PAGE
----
Protecting the Capacitous against themselves: Inherent Jurisdiction and the Mental Capacity Act.

mike stone 09/09/20 Dignity Champions forum

Protecting the Capacitous against themselves: Inherent Jurisdiction and the Mental Capacity Act.

I was contacted by someone on Twitter a couple of weeks ago, and this led to me briefly pondering something called Inherent Jurisdiction (IJ). I have always managed to avoid IJ - it will not be a consideration for the end-of-life issues I write about, and it is more relevant to Deprivation of Liberty or situations which involve the Mental Health Act.

I would describe Inherent Jurisdiction as a legal principle, which allows senior judges to develop case law to cover situations which are not covered by Statutory Law - to 'fill in gaps' where Parliament has not covered something in legislation.

As I understand it (and this might be wrong) the Law Commission's recommendations were for two laws, an Act which became the MCA and a separate Act to cover 'priotecting mentally-capable but vulnerable' people. The second law was not developed and enacted. However, there were attempts to incorporate within the MCA provision to protect capacitous people - but that was rejected during the passage of the MCA into law. It seems to be arguable, that 'statute has considered and rejected the idea of capacitous but vulnerable', but judges have rejected that argument.

What is very clear, is that the MCA does NOT include the concept of protecting capacitous people: the framework of the MCA requires that only people lacking capacity can be protected against themselves.

There are various court rulings which I have collected at the link below:

One of the cases, involved a woman who was refusing life-saving kidney dialysis. The judge ruled that she was capacitous, and therefore she could refuse the treatment. The following section from the ruling is very clear:

97 The decision C has reached to refuse dialysis can be characterised as an unwise one. That C considers that the prospect of growing old, the fear of living with fewer material possessions and the fear that she has lost, and will not regain, 'her sparkle' outweighs a prognosis that signals continued life will alarm and possibly horrify many, although I am satisfied that the ongoing discomfort of treatment, the fear of chronic illness and the fear of lifelong treatment and lifelong disability are factors that also weigh heavily in the balance for C. C's decision is certainly one that does not accord with the expectations of many in society. Indeed, others in society may consider C's decision to be unreasonable, illogical or even immoral within the context of the sanctity accorded to life by society in general. None of this however is evidence of a lack of capacity. The court being satisfied that, in accordance with the provisions of the Mental Capacity Act 2005, C has capacity to decide whether or not to accept treatment C is entitled to make her own decision on that question based on the things that are important to her, in keeping with her own personality and system of values and without conforming to society's expectation of what constitutes the 'normal' decision in this situation (if such a thing exists). As a capacitous individual C is, in respect of her own body and mind, sovereign.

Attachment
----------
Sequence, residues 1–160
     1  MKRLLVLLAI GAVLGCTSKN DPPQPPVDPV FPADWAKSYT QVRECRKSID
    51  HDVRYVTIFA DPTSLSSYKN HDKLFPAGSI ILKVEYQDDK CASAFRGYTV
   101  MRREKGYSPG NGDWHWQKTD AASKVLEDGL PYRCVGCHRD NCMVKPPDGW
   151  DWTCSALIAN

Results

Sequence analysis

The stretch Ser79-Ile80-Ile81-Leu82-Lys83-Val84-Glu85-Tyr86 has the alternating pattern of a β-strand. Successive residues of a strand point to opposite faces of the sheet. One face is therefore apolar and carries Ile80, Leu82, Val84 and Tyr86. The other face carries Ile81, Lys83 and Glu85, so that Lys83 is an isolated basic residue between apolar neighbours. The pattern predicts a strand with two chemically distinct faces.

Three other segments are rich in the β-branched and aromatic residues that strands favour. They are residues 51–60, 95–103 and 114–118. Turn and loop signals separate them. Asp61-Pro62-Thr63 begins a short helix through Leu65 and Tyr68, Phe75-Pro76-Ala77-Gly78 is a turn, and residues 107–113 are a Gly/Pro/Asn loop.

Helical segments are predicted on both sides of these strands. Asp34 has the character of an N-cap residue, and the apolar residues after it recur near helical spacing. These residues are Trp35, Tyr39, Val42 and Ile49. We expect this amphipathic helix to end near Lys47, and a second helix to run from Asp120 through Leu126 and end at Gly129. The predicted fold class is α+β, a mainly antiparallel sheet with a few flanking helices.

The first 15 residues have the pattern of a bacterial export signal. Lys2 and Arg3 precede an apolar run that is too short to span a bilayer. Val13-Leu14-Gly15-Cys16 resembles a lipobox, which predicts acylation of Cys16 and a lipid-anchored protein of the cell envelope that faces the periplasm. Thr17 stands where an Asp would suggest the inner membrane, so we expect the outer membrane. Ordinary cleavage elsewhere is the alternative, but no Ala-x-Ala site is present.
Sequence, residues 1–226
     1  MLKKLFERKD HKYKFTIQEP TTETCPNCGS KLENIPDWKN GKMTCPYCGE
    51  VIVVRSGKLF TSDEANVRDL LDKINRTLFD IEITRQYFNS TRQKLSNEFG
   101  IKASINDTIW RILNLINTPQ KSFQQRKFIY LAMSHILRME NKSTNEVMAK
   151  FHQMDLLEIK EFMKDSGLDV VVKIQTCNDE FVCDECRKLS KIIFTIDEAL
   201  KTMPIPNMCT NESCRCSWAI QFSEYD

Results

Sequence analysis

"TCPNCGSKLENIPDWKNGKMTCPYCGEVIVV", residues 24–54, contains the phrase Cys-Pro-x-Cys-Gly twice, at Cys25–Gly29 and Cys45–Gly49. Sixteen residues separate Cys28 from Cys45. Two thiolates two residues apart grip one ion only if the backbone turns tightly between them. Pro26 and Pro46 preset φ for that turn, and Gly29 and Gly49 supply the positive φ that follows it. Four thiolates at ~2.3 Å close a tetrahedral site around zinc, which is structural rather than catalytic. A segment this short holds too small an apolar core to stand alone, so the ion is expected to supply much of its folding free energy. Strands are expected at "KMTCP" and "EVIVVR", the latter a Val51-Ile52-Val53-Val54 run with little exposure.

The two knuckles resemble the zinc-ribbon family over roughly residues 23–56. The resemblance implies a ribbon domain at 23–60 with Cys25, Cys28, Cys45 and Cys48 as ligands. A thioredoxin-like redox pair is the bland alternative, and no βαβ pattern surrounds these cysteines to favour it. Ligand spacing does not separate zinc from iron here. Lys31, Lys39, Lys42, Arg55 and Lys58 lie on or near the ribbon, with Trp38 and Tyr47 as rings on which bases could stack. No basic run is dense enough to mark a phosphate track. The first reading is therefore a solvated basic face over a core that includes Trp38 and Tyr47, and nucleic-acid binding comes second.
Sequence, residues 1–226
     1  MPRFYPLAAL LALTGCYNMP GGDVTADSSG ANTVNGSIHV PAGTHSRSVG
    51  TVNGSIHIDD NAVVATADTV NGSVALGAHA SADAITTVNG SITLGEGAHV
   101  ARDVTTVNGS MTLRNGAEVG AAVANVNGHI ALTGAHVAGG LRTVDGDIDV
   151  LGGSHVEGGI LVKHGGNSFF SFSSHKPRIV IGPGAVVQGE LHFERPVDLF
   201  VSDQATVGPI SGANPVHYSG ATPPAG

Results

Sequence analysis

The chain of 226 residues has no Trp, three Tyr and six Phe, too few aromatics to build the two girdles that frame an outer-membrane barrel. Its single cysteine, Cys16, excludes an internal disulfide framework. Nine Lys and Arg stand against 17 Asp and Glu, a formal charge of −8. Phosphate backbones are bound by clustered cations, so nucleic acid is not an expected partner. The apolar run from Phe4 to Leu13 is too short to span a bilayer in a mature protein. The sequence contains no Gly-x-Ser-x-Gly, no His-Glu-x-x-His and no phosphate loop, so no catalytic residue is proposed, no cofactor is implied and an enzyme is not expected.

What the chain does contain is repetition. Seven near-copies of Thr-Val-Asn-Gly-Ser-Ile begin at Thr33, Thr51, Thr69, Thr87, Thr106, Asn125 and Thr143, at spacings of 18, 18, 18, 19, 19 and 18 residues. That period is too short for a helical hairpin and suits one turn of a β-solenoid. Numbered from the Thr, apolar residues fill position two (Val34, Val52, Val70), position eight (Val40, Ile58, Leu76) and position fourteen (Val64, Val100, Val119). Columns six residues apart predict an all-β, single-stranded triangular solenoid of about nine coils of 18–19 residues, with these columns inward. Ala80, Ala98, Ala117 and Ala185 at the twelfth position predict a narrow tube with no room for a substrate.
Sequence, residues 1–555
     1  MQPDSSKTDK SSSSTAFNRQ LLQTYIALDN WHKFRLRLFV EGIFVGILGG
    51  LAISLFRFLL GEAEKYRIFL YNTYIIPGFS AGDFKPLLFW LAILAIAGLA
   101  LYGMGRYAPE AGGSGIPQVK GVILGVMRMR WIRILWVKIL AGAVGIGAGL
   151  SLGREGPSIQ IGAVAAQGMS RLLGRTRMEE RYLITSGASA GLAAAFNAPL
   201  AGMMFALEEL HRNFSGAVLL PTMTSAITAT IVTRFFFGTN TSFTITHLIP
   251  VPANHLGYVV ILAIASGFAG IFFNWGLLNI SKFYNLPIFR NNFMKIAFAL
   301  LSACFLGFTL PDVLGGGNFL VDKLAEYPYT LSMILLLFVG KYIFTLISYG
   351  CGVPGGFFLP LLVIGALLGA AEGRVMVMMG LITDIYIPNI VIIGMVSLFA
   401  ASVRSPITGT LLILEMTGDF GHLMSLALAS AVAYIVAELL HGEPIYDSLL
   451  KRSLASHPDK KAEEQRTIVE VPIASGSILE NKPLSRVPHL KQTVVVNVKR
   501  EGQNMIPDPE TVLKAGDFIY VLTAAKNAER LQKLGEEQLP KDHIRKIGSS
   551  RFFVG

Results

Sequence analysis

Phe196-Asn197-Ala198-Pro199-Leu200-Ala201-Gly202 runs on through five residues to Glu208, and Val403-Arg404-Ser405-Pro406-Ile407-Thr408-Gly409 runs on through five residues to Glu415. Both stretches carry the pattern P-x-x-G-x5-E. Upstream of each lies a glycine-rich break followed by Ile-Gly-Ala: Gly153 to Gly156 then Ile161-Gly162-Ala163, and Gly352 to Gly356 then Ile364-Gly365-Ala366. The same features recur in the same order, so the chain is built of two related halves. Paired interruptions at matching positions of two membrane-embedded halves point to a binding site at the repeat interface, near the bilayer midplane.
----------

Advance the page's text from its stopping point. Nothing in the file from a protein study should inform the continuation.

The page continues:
The way that judges use IIJ, is to 'protect' individuals who are NOT claimed to lack mental capacity. I have issues with the idea of protecting a capacitous elderly parent who is nearing death, or of protecting a capacitous sibling who has a severely life-limiting, but not life-threatening, condition. A life being lived, should be judged by the person who is living the life. I must admit, that I would probably feel 'conflicted' in respect of my support for self-determination if I had a child who was a young adult and at risk of dying because of anorexia.I

There is a natural human urge, to 'protect the vulnerable' - I suspect that many people who work in mental health automatically drift towards 'the person seems abnormally self-destructive, so something must be impairing their capacity, hence we can protect the person'. That is 'circular' and distorts what the MCA actually says - it is 'MHA thinking'. Inherent Jurisdiction goes even further - in my view, it can easily be inappropriately applied.

Some lawyers have written a piece about IJ, which looks pretty good to me - you can get to their piece from the link below (it leads to a page from which you can download their piece as a PDF):

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kevin SLATER 09/09/20

This kind of thinking would have one going round and round in circles, quality of life is paramount to any situation and it is not until you are faced with it that you have to deal with it, many years ago when we did not have the right to say we had had enough, i nursed my father through cancer and yes if i had had access to the right medication i would have hastened his painful ending as i knew what my father wanted. There is no glory in dying a painful end of life whether it be physical or psychological, to me it is not a complex situation or decision unless you have a personal narrative. Its what supposedly makes us human beings and not getting caught up in law or policy and what ifs or maybes. its as simple as you make it with this rhetoric the no thing is ever solved